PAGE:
Investigation of a malware campaign targeting the Tibetan community and discussion of the challenges in analyzing closed espionage ecosystems.
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Palo Alto Networks cited the Citizen Lab report entitled “Communities @ Risk: Targeted Threats Against Civil Society.”
Hundreds of members of the Tibetan community are being targeted by email-based malware attacks that leverage the March 10 Tibetan Uprising anniversary as a theme. This report analyzes two March 10 related attacks. One using a new malware family we call MsAttacker , and another using the ShadowNet malware family and command and control infrastructure related to previous campaigns that targeted the Tibetan community.
In this post, we report on “Surtr”, a malware family that has been used in targeted malware campaigns against the Tibetan community since November 2012
This blog post reports on a malware attack in which a compromised version of Kakao Talk, an Android-based mobile messaging client, was sent in a highly-targeted email to a prominent individual in the Tibetan community. The malware is designed to send a user’s contacts, SMS message history, and cellular network location to attackers. This post was updated on 18 April 2013.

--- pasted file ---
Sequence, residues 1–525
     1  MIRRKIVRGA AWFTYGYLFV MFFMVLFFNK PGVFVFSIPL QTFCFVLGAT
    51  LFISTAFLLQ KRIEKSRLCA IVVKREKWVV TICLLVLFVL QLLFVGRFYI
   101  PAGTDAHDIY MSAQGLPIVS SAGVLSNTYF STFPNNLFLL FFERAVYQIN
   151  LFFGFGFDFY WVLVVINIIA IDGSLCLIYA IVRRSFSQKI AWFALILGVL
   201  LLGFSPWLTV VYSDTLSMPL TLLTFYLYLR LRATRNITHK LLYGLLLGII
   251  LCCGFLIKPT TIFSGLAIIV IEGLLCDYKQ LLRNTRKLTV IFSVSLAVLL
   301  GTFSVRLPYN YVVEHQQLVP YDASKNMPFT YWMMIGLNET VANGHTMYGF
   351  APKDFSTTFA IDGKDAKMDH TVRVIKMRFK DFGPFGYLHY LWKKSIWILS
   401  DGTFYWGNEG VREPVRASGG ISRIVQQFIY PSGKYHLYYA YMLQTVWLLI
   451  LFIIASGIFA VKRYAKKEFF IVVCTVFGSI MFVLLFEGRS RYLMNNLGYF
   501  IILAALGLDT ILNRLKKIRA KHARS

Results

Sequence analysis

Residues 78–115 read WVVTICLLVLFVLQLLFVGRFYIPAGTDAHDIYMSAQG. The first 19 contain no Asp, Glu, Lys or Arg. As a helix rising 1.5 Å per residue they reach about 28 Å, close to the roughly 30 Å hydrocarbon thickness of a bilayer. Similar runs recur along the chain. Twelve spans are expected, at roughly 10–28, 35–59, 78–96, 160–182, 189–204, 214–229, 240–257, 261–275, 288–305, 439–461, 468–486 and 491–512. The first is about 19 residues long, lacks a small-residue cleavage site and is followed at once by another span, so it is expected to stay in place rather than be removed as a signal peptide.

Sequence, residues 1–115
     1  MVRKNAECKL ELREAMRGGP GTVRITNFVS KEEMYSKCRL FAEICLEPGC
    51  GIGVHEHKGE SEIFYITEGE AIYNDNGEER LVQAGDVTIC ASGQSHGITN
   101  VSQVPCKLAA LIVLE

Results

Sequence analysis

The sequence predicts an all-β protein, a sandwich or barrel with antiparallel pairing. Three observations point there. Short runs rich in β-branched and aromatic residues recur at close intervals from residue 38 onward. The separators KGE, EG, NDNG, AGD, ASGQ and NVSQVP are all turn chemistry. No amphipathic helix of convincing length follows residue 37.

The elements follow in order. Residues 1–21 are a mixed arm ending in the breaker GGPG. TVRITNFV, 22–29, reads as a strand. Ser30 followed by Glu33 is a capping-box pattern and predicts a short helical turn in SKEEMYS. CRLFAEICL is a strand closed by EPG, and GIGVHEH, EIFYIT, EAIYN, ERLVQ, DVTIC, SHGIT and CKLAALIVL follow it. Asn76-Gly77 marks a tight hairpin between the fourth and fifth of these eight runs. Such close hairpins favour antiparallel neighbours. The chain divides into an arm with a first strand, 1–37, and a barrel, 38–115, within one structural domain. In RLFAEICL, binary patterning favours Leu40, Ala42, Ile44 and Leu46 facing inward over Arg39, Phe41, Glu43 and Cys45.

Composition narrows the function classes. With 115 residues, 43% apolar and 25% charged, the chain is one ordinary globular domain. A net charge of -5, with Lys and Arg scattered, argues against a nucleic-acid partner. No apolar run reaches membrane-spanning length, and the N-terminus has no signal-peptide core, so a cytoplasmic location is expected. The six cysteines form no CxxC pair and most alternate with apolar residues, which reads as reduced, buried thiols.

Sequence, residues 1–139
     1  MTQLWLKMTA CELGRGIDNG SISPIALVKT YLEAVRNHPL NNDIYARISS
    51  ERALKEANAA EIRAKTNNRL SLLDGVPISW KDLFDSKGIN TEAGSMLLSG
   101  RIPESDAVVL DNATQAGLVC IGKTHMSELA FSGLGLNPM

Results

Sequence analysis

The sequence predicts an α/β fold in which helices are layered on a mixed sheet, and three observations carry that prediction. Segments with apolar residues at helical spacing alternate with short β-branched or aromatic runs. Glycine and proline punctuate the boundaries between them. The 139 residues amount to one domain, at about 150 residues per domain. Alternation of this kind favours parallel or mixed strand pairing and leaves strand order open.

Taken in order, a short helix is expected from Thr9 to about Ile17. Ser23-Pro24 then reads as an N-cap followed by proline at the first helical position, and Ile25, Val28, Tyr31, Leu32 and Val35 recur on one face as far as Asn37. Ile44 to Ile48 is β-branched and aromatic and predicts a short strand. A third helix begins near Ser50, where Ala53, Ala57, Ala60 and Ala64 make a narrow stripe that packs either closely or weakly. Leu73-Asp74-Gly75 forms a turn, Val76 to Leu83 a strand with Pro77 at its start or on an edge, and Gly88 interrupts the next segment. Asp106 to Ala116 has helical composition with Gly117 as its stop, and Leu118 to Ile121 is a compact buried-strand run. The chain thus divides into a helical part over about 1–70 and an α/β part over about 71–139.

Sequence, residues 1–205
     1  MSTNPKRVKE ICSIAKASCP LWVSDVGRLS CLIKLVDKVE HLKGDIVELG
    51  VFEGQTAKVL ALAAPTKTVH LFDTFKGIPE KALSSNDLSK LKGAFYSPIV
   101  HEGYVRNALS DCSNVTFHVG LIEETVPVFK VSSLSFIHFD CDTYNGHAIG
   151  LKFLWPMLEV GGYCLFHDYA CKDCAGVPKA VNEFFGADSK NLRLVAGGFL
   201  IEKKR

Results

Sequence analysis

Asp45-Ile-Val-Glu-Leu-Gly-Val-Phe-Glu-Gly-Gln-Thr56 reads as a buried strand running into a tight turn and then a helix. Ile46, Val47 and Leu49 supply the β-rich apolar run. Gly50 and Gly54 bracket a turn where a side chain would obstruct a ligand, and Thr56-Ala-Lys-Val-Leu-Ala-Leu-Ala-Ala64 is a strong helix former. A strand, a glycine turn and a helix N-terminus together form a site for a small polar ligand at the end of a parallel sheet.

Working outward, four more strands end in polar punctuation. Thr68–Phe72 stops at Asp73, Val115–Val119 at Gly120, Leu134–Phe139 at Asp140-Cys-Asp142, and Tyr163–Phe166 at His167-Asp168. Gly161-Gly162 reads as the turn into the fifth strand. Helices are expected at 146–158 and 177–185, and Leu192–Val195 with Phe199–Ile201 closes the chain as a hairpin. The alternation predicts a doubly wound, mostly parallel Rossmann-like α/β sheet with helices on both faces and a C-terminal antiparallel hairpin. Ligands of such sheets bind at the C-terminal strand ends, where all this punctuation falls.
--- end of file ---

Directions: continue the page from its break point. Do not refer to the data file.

The Citizen Lab has analyzed recent targeted malware attacks against Tibetan organizations that share a common payload — LURK malware — and command-and-control server, as well as several other features.
This campaign is the first documented case of one-click mobile exploits used to target Tibetan groups, and reflects an escalation in the sophistication of digital espionage threats targeting the community.
This report describes an inexpensive and technically simple phishing operation. It shows that the continued low adoption rates for digital security features, such as two factor authentication, contribute to the low bar to entry for digital espionage.
In this report we track a malware operation targeting members of the Tibetan Parliament that used known and patched exploits to deliver a custom backdoor known as KeyBoy. We analyze multiple versions of KeyBoy revealing a development cycle focused on avoiding basic antivirus detection.
This report describes the latest iteration in a long-running espionage campaign against the Tibetan community. We describe how the attackers continuously adapt their campaigns to their targets, shifting tactics from document-based malware to conventional phishing